When parties are contemplating divorce or involved in a pending divorce, estate planning issues may not seem like a priority. However, divorce is one of the significant life events that make creating or amending an estate plan a high priority. If you suddenly become incapacitated because of a serious injury or illness, it is probably reasonable to assume that the spouse you have been fighting with in divorce court is not the person you want deciding what medical care you should receive. However, this is precisely what might happen if you do not take effective precautions to revise or create an estate plan that excludes your estranged spouse from such decisions.
Although it is important to revise estate planning documents prior to, during, and after the divorce process, it is important to obtain legal advice from an attorney with experience in both estate planning and family law. While you are certainly free to prepare a new durable power of attorney, health care power of attorney and advance health care directive, you do not have the ability to deny your spouse the right to be the beneficiary for your ERISA retirement plan. Further, your spouse will also have rights under New Mexico community property law to other assets that you may not be able to override.
There also may be changes that need to be made to your revocable trust and will in the event you might pass away while your divorce is pending. Although there are limits to your ability to deny your spouse property rights, you may wish to make changes to these documents while the divorce is pending so that your children from prior relationships or other loved ones still have a right to receive a share of your assets if you pass away. If you do not make such changes, your spouse may receive control of your property and deny your children from prior relationships a portion of your estate that otherwise might have been provided to them.
The beneficiary designation on non-ERISA accounts and other types of property held in joint tenancy with a right of survivorship also may need to be changed or your spouse may inherit assets titled in this form in their entirety if you pass away. Because parties are subject to certain limitations regarding the disposition of certain property during divorce, it is important to work closely with attorneys that have experience in both areas of law.
The above information is designed solely to illustrate general principles of law, and does not constitute a specific legal opinion on individual cases. We suggest that you contact experienced legal counsel for a specific opinion tailored to your individual circumstances.
If you have questions or concerns about estate planning issues related to divorce, our New Mexico Estate Planning Attorneys at Life Leaf Legal Group, PC offer a free consultation in our centrally located offices in Santa Fe and Albuquerque so that we can discuss your specific situation. Call us today to schedule your free consultation at (505) 856-3591 to learn about your rights and options.
Although the phrase “coming of age” may have different meanings depending on the context and listener, it often is associated with learning to drive, discovering romantic love, exercising independence from parents and other activities that symbolize moving toward adulthood. What most teenagers coming of age do not consider part of the process is developing an estate plan. However, the age of majority, which is 18 in virtually all states, confers many of the rights of being an adult that are relevant to estate planning, such as entering into contracts, owning real property, disposing of assets, and exercising authority over one’s medical records and health care decisions.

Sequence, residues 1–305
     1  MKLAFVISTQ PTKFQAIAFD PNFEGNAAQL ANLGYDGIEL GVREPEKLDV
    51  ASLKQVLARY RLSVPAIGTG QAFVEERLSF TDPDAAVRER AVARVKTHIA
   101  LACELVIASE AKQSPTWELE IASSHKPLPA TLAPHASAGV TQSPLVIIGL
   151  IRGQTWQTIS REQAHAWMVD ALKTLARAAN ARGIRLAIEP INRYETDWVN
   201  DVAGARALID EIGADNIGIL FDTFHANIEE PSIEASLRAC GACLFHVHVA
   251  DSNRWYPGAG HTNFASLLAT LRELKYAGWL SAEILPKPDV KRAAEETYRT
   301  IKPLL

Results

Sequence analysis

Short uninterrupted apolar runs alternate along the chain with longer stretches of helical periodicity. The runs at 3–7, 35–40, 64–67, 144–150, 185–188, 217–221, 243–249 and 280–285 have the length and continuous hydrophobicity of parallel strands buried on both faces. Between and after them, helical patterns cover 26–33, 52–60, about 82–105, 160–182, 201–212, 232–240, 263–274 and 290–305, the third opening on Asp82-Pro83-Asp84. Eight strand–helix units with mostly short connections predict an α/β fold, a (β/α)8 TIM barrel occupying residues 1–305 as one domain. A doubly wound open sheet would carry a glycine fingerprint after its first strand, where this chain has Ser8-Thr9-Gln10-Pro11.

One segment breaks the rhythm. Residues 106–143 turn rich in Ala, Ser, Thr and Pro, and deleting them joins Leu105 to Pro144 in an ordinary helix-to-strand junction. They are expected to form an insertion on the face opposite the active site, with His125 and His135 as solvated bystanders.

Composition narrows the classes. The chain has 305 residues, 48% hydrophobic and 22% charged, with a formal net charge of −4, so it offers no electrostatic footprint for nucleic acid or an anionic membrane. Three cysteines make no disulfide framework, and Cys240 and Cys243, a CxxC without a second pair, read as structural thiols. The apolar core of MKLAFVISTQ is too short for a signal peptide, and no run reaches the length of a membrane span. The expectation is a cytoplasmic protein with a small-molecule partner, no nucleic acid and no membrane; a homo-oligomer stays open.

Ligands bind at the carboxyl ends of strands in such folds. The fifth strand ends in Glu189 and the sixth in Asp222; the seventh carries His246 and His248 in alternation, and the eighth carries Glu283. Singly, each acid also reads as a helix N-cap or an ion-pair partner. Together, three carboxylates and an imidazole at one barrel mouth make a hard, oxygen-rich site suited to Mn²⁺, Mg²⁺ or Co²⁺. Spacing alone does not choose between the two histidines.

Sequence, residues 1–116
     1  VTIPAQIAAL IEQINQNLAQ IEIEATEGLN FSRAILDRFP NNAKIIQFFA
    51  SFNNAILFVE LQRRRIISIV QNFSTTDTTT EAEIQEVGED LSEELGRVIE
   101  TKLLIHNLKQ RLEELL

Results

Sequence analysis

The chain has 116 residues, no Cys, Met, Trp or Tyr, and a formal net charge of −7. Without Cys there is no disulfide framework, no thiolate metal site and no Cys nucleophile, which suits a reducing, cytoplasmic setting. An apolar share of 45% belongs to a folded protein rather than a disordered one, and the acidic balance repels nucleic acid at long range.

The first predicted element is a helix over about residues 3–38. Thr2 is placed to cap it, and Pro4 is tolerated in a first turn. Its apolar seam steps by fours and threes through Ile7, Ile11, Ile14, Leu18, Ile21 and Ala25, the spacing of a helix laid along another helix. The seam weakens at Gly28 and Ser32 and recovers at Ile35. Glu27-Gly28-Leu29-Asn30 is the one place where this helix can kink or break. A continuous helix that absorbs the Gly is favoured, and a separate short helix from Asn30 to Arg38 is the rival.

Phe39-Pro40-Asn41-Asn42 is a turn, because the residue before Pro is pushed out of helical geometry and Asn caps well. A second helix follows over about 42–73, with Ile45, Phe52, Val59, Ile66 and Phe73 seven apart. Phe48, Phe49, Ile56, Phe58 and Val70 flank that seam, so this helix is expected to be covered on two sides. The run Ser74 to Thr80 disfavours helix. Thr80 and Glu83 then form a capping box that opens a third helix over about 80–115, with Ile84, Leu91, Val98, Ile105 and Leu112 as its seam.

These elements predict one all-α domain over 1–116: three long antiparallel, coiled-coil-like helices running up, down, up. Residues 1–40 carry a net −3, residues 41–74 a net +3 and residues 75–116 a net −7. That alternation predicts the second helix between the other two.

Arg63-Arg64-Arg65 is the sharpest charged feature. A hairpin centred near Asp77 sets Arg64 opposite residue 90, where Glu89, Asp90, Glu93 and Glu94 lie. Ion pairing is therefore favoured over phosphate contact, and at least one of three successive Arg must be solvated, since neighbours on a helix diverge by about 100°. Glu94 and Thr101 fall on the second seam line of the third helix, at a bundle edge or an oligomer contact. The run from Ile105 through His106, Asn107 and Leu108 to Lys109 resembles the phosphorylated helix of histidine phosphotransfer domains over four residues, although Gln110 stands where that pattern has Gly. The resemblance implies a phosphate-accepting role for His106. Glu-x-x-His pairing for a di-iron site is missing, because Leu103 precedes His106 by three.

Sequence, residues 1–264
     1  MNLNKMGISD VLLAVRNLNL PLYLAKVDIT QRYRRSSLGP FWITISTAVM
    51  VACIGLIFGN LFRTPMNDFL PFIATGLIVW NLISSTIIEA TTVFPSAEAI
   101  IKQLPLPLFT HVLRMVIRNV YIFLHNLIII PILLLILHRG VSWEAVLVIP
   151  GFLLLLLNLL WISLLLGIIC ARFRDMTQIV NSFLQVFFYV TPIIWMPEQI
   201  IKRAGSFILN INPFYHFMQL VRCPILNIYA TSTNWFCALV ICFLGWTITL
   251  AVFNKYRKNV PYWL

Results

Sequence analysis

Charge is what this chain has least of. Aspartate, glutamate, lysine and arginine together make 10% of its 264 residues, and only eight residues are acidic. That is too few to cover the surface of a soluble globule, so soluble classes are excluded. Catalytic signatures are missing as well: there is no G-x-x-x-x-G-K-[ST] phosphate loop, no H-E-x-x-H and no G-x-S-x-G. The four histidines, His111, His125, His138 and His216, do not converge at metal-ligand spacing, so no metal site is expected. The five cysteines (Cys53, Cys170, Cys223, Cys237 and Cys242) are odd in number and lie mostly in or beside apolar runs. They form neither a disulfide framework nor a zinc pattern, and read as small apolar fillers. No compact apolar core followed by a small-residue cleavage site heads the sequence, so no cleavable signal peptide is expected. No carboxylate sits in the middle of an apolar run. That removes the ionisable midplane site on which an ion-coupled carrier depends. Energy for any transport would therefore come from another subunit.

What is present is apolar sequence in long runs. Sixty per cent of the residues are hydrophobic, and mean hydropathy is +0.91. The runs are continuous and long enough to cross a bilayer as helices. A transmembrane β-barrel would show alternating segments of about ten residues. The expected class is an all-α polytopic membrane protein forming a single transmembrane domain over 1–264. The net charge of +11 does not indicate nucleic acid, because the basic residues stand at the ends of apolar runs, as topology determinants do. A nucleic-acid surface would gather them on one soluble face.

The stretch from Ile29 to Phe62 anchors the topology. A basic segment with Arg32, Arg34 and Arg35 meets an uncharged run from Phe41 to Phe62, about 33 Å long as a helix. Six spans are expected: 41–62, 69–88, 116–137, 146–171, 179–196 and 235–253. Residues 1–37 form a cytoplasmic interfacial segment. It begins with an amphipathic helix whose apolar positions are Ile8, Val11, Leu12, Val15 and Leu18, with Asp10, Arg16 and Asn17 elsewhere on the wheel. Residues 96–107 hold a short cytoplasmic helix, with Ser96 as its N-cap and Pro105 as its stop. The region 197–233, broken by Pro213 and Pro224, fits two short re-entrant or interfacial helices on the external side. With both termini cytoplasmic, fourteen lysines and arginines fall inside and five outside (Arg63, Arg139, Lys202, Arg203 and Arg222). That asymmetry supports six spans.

The power to make these types of adult decisions carries an enormous amount of responsibility, so teenagers who have reached the age of 18 need at least a minimal estate plan. Granted, most teenagers do not have a significant net worth to be protected, but a basic estate plan can provide protections for a young person just starting out. If a college freshman is in a car accident while driving home from a late night study session or party, the prospect of a personal injury judgment or wrongful death judgment clouding one’s future is a sobering possibility. We have provided an overview of the types of estate planning documents and issues that a teenager coming of age may wish to consider making part of his or her estate plan. Continue reading
Although our Santa Fe, NM Estate Planning Lawyers use this blog to provide general information to the public, we also have repeatedly warned readers about the danger of relying on computer programs, para-professionals like paralegals, self-help legal books, and the Internet as a substitute for legal advice from an experienced NM estate planning lawyer. While conducting some research on the Internet, we came across a website where a consumer asked a very basic question, “What statute of limitations applies in my case.” Four separate attorneys who indicated that they practiced law in the specialty that deals with the substantive issue provided four different and contradictory answers. Continue reading
Far too many families lose a substantial portion of their estate to the federal government in the form of taxes or creditors pursuing enforcement of judgments because they do not obtain legal advice from a New Mexico estate planning lawyer prior to preparing estate planning documents. Living trusts have become one of the most frequently used estate planning tools. Unfortunately, those who fail to seek effective legal counsel often assume that the selection and drafting of the trust agreement essentially completes the process of setting up their trust.
Until a trust has been properly “funded,” the trust agreement has essentially no value because the trust does not actually exist. A trust only provides protection once assets actually are transferred into the trust. There are some people that know property must be transferred to the trust for the assets to be managed and protected from creditors, but they lack a clear understanding of how to go about affecting the transfer. Continue reading